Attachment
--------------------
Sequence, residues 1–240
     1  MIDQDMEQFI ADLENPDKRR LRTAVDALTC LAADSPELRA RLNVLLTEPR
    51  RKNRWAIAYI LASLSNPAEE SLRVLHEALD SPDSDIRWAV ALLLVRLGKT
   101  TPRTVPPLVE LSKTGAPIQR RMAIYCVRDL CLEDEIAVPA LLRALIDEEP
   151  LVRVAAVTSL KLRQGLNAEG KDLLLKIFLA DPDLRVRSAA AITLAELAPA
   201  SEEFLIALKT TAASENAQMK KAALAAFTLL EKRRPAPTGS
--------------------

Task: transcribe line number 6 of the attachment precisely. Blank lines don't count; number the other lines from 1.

   201  SEEFLIALKT TAASENAQMK KAALAAFTLL EKRRPAPTGS